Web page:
By Kopano Gumbi, CNBC Africa markets reporter
The national treasury has acknowledged that the risk to South Africa remaining investment grade has become more pronounced. A sharp increase in borrowing requirements, unstable electricity supply and reduced tax revenue collections have put strain on the nation’s fiscal position.
In the last year alone, the government’s gross borrowing requirements increased by 21.4 percent to R407 billion. The government’s debt requirements over the next two years will reach nearly R500 billion. The debt to GDP ratio continues to rise, it is expected to be 65.6 percent of GDP by the end of 2020/21.
“Although our budget deficit rises to 6.8 percent, we are nevertheless determined to bring it back,” asserts Mboweni.
The majority of South Africa’s debt is through domestic loans but as the national treasury has stated, debt is not expected to stabilise over the medium term. A change in the country’s sovereign rating to sub-investment grade would lead to short-term volatility in the financial markets, including an increase in borrowing costs and exchange rate depreciation. The government is of the view that this would unlikely affect its ability to finance its medium-term borrowing requirements.
In trying to exercise more financial prudence, the government would need to demonstrate that it has a handle on its state-owned entities. According to government, it has allocated R162 billion to aid financially stressed companies over the last 12 years. SAA, SA Express, SABC, Denel and Eskom have been the biggest drain on the state’s resources. Eskom, the embattled power utility, has received the lion’s share of this assistance. The total debt of these entities amounts to R760 billion, with 62 percent guaranteed by government.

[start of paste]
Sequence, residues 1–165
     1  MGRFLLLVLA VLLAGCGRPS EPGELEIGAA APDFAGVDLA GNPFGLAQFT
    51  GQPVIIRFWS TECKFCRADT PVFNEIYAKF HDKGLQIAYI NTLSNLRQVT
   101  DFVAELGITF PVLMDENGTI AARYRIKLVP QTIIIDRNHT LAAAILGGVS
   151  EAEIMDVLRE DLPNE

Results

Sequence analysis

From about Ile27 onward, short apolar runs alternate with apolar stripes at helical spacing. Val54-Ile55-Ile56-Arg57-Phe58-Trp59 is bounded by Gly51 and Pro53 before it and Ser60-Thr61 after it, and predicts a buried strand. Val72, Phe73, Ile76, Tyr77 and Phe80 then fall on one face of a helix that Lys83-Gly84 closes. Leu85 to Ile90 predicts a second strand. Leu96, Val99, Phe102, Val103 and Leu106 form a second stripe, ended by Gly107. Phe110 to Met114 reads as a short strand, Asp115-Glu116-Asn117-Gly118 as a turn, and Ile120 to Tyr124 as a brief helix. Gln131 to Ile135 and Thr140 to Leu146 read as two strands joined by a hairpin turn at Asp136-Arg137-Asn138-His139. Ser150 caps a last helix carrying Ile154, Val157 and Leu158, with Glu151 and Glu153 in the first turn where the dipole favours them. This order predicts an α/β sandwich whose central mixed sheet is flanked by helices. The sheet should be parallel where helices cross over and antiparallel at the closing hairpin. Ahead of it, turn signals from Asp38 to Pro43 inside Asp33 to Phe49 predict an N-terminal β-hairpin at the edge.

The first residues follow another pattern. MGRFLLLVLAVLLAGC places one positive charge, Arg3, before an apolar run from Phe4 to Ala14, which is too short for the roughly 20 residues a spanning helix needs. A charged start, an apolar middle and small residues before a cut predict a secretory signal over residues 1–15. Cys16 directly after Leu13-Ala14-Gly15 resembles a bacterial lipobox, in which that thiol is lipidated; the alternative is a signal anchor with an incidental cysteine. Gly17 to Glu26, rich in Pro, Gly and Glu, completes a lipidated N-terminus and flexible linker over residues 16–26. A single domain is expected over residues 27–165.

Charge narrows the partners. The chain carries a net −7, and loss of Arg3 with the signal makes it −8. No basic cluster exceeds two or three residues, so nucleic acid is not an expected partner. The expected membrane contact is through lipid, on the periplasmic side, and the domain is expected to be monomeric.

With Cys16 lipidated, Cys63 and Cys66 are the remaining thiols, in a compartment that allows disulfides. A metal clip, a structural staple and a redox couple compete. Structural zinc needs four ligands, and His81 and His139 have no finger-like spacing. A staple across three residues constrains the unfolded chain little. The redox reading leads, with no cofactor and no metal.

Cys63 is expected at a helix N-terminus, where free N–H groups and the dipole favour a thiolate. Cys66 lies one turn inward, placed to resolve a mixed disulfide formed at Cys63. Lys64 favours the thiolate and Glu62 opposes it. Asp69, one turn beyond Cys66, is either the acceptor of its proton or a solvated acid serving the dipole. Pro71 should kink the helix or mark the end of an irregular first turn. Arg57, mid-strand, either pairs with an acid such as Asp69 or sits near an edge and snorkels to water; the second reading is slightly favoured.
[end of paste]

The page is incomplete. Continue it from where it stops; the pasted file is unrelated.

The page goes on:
“Over the next three years, debt repayments total R178.1 billion, of which R103.5 billion is held by Eskom,” estimates government.
In the coming financial year, government has committed to provide SAA with an additional R16 billion bailout over the medium term, even though the company is in voluntary business rescue.
Eskom, which has debt of R450 billion, has received hundreds of billions from the government and many proposals have been put forward to assist the ailing power utility. Including, most recently, a proposal to use the Public Investment Corporation as an investment vehicle.
Minister Mboweni didn’t scoff at the idea of using public funds to pay off a large portion of Eskom’s debt, saying that it was not a bad idea.
“We must be clear that it’s not only public-sector pensions that will be used,” Mboweni said in an address ahead of the budget speech. “If we are going to use pensions, it must be all of our pensions.” This would include private pension funds. The minister outlined that discussions around this are developing and that role-players, in government and in the unions, are coming around to the idea. Mboweni said that this would now introduce the idea that public sector investment could start to happen in Eskom, a point that has been highly contested.